Hydropower development in Tibet is fraught with huge risks because of the danger of major earthquakes. What’s more, the projects might not be needed, say experts
Although the precise picture is still unclear, it’s likely that Nepal’s huge earthquake last month has wreaked major damage to a dozen hydroelectric projects in Nepal.
This should sound a shrill warning for projects across the border in Tibet, an area also traversed by highly active seismic faults.
Besides the risks to existing and future hydroprojects in Tibet, centred mainly along the Yarlung Tsangpo river (known as the Brahmaputra once it reaches India), there is little evidence that the dams are actually needed, says Fan Xiao, geologist and chief engineer of the Regional Geological Survey Team of the Sichuan Geology and Mineral Bureau.
Fan told thethirdpole.net that the region doesn’t have the population, the economy, or necessary demand for electricity. Although the power generated could be sold to the rest of China, or to neighbouring India and Nepal, the economics of the projects are compromised by the high cost of transmitting the power, much of which would be wasted, given the distances involved.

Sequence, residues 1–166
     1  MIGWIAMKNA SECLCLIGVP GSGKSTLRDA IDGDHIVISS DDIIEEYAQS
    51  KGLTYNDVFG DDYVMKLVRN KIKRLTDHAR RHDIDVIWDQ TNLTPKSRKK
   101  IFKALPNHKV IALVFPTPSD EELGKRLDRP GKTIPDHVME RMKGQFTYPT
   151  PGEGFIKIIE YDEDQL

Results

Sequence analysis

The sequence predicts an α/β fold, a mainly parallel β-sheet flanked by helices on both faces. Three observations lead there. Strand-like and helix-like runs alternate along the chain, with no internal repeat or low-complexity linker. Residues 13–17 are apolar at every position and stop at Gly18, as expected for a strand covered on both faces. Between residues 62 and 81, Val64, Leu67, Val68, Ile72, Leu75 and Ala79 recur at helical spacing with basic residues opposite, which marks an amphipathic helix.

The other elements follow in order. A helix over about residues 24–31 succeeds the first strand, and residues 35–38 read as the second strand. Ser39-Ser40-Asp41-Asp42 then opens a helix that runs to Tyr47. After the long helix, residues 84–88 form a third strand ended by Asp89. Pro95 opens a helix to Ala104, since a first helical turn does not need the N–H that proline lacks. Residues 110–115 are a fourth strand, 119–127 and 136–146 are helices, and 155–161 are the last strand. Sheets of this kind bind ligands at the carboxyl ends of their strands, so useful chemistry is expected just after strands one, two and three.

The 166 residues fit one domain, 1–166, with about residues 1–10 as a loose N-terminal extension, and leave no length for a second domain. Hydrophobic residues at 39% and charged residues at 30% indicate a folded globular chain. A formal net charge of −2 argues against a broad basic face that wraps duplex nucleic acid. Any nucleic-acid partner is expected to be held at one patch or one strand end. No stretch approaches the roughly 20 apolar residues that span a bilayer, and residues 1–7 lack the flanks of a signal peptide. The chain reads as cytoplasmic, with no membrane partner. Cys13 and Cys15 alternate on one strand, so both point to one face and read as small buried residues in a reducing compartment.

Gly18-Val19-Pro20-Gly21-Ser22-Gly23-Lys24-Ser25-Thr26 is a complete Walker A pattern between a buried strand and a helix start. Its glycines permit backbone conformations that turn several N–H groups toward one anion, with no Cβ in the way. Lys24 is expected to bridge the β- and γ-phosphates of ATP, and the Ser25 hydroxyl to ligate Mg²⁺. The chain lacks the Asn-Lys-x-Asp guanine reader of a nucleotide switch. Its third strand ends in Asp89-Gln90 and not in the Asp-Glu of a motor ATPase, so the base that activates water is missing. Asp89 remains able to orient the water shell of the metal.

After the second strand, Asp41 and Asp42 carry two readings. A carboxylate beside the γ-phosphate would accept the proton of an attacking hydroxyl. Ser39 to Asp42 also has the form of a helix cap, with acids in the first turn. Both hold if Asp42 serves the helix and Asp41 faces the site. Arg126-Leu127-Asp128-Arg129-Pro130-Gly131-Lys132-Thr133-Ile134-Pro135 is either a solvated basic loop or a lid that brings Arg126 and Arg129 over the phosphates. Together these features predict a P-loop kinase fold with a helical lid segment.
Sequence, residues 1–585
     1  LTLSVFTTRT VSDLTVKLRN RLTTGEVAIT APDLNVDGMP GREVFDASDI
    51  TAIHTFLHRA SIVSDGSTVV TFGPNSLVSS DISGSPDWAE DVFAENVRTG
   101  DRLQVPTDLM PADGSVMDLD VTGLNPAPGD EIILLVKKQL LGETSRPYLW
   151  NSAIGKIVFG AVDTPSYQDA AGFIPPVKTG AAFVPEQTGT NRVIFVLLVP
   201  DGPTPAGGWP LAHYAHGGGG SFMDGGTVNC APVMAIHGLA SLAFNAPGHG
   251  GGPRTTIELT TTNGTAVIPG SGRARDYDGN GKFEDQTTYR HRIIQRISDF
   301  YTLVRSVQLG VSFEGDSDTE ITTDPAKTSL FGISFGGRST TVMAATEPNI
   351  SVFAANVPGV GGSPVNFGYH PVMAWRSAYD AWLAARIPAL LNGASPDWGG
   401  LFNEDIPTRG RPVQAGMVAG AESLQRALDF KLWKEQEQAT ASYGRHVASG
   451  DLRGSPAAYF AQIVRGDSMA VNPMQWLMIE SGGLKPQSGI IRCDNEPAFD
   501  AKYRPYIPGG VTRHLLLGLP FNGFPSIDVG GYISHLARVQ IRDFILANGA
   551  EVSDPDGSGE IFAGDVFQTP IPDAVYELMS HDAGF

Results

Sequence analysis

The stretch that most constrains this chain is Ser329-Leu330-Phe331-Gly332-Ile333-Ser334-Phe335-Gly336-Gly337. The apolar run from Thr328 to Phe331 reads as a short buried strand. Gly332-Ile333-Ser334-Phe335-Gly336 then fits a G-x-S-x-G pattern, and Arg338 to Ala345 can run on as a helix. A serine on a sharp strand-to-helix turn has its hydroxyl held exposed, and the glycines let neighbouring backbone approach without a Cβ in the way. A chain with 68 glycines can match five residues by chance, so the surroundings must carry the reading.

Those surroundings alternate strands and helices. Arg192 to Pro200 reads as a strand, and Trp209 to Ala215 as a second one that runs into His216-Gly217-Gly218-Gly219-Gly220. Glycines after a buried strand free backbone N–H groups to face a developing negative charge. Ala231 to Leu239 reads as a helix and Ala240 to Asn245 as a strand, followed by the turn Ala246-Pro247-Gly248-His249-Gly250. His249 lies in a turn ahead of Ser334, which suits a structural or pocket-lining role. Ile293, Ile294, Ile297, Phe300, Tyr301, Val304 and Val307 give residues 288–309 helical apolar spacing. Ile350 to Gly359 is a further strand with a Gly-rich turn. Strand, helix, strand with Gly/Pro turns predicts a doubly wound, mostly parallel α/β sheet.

Add to that the damage to Tibet’s geology, environment and social structures, and the cons outweigh the pros, Fan adds.
The Three Gorges Corporation website said on May 5 that the hydroelectric industry’s most important conference – the World Hydropower Congress – would be held in China this year, due to the incredible growth of the sector in the country.
According to statistics published by the China Electricity Council in March, China now has more than 300 gigawatts (GW) of hydropower generating capacity – far more than any other nation.